External factors: educational and cultural development

In this category, these themes were extracted: model educators and attention to practical ethics through modeling the environment, re-thinking about behavioral processes, cultural development focusing on ethics, and specialized practical and theoretical training courses in ethics.

Regarding educator modeling and its impact on the development of morality, a participant with 13 years of experience stated that nursing instructors should be aware of the effects of training methods on trainees. He added “our instructor once forced male students to empty patients’ urine bags and change the bed sheets in the presence of patients’ companions and cleaning staff of the hospital. Meanwhile, he put the nurse under more pressure by repeating his order again and again. Such behaviors make negative impacts on our views of the job as a nurse.”

For the issue of re-thinking about behavioral processes, a participant with 10 years of experience commented “I had a patient with ventricular fibrillation. As physicians were not available at that time, I started resuscitation. It was successfully performed, and the patient is still alive. As I reflect on my deeds, I found it very important.” The nurse continued, “In another instance, I found an error in a physician’s prescription and since I was sure about the exact medication dosage, I made the correction.”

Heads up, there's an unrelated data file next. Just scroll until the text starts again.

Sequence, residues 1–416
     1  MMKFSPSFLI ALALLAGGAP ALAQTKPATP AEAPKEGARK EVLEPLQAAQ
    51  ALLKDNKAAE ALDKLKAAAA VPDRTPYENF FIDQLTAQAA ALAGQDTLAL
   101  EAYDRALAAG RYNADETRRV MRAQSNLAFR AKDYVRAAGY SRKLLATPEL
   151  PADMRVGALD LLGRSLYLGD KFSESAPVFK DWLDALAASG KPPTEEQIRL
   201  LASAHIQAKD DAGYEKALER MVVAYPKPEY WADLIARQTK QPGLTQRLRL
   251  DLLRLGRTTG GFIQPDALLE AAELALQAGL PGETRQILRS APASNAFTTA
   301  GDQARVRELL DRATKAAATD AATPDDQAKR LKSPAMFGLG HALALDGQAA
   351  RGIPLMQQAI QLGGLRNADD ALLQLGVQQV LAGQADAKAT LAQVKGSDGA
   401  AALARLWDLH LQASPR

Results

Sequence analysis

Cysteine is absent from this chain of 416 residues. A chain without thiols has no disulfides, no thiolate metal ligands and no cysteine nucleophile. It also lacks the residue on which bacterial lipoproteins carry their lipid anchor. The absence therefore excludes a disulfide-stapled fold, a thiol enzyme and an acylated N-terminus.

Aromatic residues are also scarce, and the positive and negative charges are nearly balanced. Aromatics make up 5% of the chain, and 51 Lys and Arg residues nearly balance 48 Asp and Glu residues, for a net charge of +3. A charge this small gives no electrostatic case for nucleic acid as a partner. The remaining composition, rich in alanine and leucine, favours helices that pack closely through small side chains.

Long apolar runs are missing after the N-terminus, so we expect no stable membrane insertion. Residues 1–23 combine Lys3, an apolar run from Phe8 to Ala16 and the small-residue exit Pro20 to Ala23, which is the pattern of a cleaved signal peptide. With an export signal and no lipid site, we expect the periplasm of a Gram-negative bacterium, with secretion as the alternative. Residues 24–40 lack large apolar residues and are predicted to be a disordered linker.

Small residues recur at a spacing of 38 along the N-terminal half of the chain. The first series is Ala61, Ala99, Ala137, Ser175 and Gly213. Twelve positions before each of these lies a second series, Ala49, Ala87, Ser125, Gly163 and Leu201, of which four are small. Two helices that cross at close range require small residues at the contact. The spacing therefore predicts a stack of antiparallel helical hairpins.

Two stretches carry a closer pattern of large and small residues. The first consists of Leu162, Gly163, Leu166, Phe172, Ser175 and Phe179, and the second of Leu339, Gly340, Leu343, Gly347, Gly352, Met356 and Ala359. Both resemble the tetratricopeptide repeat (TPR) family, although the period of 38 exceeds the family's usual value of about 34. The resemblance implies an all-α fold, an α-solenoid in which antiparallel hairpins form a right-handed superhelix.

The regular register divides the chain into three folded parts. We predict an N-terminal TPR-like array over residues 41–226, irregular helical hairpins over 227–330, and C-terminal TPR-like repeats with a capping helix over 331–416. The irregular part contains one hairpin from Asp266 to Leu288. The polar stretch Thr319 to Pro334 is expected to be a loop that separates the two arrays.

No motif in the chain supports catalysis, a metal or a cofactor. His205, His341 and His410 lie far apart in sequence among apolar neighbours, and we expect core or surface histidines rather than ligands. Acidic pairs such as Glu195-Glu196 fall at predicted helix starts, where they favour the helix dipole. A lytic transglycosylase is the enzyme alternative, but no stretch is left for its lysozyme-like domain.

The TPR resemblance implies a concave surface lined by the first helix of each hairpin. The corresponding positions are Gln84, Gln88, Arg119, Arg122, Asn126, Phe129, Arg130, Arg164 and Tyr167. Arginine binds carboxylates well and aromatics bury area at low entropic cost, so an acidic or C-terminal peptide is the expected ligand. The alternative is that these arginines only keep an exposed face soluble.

Regarding cultural development and ethics, a participant with 16 years of experience stated: “I had a critically ill patient who were supposed to be transferred to another hospital. I stayed with him until 4 pm, after my shift was over at noon; I had lunch after arriving home.” Such devotions or commitment to a profession can be strengthened by means of cultural development.”

A participant emphasized on the importance of ethical courses for nurses. He said “training nurses in services expected from them is necessary. Every year, CPR training is repeated for us in accordance with new protocols to keep us updated.” However, another participant’s talk was focused more on educating nurses in professional ethics. He mentioned, “Such a course should be taught on location to make nursing students familiar with accepted patterns of morality in their interactions with patients.

Discussion